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Einstein’s ‘Theory of Happiness’ note sells for $1.5 million


A simple handwritten note in which Albert Einstein describes his secret to happiness has sold for almost 200 times its estimate in Israel.

Einstein originally wrote the note in November 1922, during a lecture tour of Japan.

Whilst initially travelling from Europe, he was informed by telegram that he had been awarded the Nobel Prize for his service to theoretical physics.

By the time he arrived in Tokyo, news of the award had swept ahead of him, and he was greeted by huge crowds wherever he went.

Einstein was impressed by the publicity, but was also uncomfortable with being the centre of such attention.

During his stay at the Imperial Hotel in Tokyo, a messenger delivered something to his room, and Einstein found himself without a tip to offer.

Instead, he quickly scribbled two notes and gave them to the messenger.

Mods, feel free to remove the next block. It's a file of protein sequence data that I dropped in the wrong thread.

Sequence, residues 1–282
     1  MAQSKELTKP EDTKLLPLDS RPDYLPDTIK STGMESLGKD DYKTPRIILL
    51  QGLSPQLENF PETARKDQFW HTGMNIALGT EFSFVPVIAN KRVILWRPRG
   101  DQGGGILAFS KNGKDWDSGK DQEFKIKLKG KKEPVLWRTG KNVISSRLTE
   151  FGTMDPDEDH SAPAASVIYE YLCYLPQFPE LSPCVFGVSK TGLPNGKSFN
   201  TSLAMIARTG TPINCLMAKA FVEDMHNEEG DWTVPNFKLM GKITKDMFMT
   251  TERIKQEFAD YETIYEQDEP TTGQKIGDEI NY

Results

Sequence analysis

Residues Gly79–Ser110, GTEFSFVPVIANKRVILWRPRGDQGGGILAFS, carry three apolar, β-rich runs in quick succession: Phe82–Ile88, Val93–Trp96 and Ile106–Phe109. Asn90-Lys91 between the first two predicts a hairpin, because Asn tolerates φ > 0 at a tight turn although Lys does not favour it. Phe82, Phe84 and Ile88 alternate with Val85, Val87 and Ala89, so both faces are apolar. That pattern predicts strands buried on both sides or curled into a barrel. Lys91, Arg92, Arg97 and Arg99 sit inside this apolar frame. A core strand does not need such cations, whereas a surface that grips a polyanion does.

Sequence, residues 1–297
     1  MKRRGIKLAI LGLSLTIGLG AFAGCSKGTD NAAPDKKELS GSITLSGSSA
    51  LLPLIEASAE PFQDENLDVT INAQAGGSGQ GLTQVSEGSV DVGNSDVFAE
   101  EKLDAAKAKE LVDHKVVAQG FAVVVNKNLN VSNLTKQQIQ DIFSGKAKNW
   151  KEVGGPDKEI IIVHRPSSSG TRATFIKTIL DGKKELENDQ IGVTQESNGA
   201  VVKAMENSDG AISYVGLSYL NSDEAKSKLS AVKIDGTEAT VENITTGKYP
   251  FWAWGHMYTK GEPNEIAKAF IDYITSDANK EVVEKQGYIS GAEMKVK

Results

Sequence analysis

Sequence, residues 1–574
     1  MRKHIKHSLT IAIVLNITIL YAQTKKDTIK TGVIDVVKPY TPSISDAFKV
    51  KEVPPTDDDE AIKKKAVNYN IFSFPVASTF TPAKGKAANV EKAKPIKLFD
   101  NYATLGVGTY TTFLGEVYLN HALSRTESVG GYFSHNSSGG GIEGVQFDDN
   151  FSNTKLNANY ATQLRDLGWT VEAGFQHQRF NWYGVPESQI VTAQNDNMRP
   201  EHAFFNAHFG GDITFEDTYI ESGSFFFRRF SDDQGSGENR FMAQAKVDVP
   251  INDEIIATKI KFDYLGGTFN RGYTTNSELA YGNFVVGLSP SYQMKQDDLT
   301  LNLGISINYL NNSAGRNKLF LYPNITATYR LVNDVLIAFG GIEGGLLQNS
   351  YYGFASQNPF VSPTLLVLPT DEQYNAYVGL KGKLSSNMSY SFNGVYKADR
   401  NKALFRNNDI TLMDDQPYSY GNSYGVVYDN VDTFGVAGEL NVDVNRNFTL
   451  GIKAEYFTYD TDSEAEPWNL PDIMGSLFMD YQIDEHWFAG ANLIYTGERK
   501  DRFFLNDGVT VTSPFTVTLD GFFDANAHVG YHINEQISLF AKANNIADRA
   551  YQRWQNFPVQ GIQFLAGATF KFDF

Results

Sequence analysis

The first contained Einstein’s theory on how to live a happy life – perhaps inspired by the chaos of his new-found fame:

“A calm and modest life brings more happiness than the pursuit of success combined with constant restlessness.”

The second note was a single line, but one that surely inspired Einstein’s perseverance during the earliest days of his career:

“Where there’s a will there’s a way.”

Einstein suggested to the messenger that he should hang on to the notes, as their value might increase in the future.

Like many of the predictions he made throughout his career, this one was right on the money.

The notes hit the auction block this week at Winner’s auction house in Israel, where they were expected to sell for $5,000 – $8,000 and $4,000 – $6,000 respectively.

However, Einstein’s note on happiness sparked an intense 20 minute bidding war that surprised the entire auction room.

When the hammer fell, an anonymous European collector claimed their prize for an incredible final price of $1,560,000.

The second note also soared above its original estimate, eventually selling for $240,000.


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